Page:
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Published in Print: July 12, 2006, as Justices Rule Against Parents in IDEA Case

Justices Rule Against Parents in IDEA Case

Special education law does not authorize fees for experts, court says.

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In the second victory for school districts on a special education issue in the U.S. Supreme Court term just ended, the court has ruled that the main federal special education law does not authorize parents who win a dispute over their child’s individualized education program to recover expert fees.

The court held 6-3 that the Individuals with Disabilities Education Act does not authorize courts to make districts reimburse parents for the fees of experts, such as consultants, even when the parents prevail in disputes.

The state of Connecticut and some legal analysts said the majority’s reasoning may bolster that state’s pending legal challenge to the No Child Left Behind Act. ("Conn. Sees Legal Boost for Its NCLB Suit," this issue.)

The court on June 26 said Congress, in its original passage and subsequent reauthorizations of the special education law, did not “unambiguously” alert the states that when they accepted federal money under the statute, they or, by extension, their school districts, were obligated to provide compensation for expert fees to parents who win such disputes.

“The terms of the IDEA overwhelmingly support the conclusion that prevailing parents may not recover the costs of experts or consultants,” Justice Samuel A. Alito Jr. wrote for the majority in Arlington Central School District v. Murphy(Case No. 05-18).

His opinion was joined by Chief Justice John G. Roberts Jr. and Justices Antonin Scalia, Anthony M. Kennedy, and Clarence Thomas. Justice Ruth Bader Ginsburg filed her own opinion, concurring with Justice Alito’s opinion in part and concurring in the outcome of the case.

Justice Stephen G. Breyer, in a dissent joined by Justices John Paul Stevens and David H. Souter, said the legislative history of the IDEA indicates that Congress intended for expert fees to be recoverable, and that such an interpretation furthers the purposes of the special education law.

“The practical significance of the act’s participatory rights and procedural protections may be seriously diminished if parents are unable to obtain reimbursement for the costs of their experts,” Justice Breyer wrote.

Role of Nonlawyers

In November, the high court ruled 6-2 in Schaffer v. Weast that whichever party brings a challenge to an individualized education program, or IEP, under the federal law is the one that must prove its case. Since most challenges to IEPs come from parents, the burden of proof would most often be on them, so the ruling was considered a victory for school districts. ("High Court Boosts Districts in IDEA Cases," Nov. 30, 2005.)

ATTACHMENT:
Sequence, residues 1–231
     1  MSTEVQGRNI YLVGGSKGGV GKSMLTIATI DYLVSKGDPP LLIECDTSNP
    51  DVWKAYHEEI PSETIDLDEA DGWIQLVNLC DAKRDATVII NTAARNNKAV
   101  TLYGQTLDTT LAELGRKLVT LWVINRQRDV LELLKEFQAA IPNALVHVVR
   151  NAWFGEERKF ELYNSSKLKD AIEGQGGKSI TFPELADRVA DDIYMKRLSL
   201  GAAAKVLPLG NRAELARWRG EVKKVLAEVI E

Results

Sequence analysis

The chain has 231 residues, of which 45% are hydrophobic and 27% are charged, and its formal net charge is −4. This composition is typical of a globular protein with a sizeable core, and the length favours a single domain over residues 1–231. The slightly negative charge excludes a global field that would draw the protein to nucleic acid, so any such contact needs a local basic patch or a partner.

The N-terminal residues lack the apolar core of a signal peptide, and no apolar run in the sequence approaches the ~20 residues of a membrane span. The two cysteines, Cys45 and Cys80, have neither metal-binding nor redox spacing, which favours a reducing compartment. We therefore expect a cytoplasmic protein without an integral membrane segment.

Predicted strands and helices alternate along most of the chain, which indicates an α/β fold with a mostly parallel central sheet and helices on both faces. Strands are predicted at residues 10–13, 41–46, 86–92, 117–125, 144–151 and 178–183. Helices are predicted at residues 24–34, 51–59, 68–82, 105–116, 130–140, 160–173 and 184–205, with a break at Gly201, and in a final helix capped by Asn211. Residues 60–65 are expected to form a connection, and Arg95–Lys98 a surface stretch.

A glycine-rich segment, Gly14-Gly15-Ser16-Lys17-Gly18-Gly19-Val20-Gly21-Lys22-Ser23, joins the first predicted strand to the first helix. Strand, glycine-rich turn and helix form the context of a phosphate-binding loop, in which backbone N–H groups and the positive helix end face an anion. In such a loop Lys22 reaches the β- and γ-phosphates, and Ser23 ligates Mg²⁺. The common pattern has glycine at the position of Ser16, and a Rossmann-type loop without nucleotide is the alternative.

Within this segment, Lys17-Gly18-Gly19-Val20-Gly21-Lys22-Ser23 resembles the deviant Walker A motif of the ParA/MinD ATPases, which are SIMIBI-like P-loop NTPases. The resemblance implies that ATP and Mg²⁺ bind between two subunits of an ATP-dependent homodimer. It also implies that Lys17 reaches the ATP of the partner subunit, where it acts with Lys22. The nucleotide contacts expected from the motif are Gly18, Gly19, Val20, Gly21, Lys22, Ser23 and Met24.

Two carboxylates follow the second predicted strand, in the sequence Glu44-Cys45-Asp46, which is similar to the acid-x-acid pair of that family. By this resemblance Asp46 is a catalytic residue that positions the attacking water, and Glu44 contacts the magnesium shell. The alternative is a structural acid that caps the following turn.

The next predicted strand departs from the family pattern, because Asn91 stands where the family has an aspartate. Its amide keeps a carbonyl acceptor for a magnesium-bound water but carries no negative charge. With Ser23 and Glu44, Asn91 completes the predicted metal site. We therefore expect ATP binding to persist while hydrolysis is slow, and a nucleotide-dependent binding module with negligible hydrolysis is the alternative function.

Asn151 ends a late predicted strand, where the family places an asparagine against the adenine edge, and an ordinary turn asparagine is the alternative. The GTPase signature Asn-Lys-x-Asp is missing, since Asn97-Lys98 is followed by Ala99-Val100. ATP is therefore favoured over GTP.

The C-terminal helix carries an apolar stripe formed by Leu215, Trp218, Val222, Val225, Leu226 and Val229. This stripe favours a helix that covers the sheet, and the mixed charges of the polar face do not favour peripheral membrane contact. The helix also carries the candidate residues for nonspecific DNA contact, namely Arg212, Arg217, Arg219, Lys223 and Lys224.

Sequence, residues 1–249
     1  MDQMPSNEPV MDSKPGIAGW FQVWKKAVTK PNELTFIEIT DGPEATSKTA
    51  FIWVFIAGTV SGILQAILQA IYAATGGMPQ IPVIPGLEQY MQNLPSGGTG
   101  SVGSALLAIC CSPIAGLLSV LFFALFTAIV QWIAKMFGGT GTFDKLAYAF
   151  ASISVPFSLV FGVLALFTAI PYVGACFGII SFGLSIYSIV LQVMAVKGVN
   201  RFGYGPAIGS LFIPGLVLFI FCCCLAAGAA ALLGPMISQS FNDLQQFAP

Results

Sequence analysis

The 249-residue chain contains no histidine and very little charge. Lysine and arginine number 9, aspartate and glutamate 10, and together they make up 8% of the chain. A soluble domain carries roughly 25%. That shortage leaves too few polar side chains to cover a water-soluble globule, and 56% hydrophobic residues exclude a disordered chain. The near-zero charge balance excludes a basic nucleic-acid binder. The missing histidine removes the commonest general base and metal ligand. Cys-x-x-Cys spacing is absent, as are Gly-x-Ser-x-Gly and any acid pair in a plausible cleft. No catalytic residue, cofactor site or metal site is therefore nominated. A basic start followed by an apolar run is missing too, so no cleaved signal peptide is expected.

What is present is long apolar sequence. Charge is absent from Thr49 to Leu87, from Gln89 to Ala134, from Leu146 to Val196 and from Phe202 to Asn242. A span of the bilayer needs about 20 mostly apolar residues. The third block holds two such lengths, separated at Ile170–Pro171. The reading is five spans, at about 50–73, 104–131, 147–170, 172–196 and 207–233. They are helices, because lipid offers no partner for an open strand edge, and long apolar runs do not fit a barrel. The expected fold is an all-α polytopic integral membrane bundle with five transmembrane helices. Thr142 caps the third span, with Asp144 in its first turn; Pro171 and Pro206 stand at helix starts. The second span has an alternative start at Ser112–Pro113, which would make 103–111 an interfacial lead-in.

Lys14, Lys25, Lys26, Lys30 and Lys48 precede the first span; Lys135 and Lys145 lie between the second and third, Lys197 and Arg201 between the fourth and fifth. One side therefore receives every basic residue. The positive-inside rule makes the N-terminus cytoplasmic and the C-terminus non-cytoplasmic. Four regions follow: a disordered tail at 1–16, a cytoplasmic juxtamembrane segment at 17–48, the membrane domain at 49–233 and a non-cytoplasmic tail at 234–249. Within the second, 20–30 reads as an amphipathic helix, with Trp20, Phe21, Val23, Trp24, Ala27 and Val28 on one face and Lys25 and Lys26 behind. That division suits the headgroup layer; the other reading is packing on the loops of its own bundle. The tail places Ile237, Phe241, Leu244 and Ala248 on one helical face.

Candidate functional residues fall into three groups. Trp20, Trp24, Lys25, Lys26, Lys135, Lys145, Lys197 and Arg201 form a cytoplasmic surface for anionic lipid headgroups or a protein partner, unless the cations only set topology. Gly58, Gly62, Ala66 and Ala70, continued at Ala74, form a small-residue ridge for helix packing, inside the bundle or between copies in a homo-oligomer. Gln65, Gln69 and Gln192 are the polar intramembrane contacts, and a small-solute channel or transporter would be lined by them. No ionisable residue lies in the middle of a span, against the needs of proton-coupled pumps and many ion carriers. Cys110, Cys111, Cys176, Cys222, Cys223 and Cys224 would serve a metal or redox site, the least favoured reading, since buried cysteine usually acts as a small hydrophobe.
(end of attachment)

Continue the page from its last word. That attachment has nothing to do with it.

Education and the Supreme Court:
The 2005-06 Term

Marking the U.S. Supreme Court term that ended June 28 were the arrivals of Chief Justice John G. Roberts Jr., succeeding Chief Justice William H. Rehnquist, who died Sept. 3, and of Justice Samuel A. Alito Jr., replacing Justice Sandra Day O’Connor, who retired in January. Two decisions involving the federal Individuals with Disabilities Education Act were among five rulings that were of particular interest to educators during the 2005-06 term.

SPECIAL EDUCATION
Schaffer v. Weast (Case No. 04-698) The high court ruled 6-2 in Schaffer v. Weast that the party seeking a due-process hearing under the IDEA is the one that bears the burden of proof. Most hearing requests come from parents challenging their children’s individualized education programs, Justice Sandra Day O’Connor noted in the majority opinion. “Absent some reason to believe that Congress intended otherwise, … we will conclude that the burden of persuasion lies where it usually falls, upon the party seeking relief,” she wrote.

Arlington Central School District v. Murphy (No. 05-18) The court held 6-3 that the IDEA does not authorize parents who win legal disputes over their children’s special education plans to be reimbursed for the costs of experts, such as expert witnesses or nonlawyer consultants who assist them in their dealings with their school districts.

FIRST AMENDMENT
Garcetti v. Ceballos (No. 04-473) The court ruled 5-4 that speech by government employees in the course of their job duties is not protected by the First Amendment from disciplinary action. The majority opinion by Justice Anthony M. Kennedy said that the decision may not apply “in the same manner” to speech related to “scholarship or teaching.” Education law experts disagreed about whether that caveat applies to K-12 teachers as much as to those in higher education.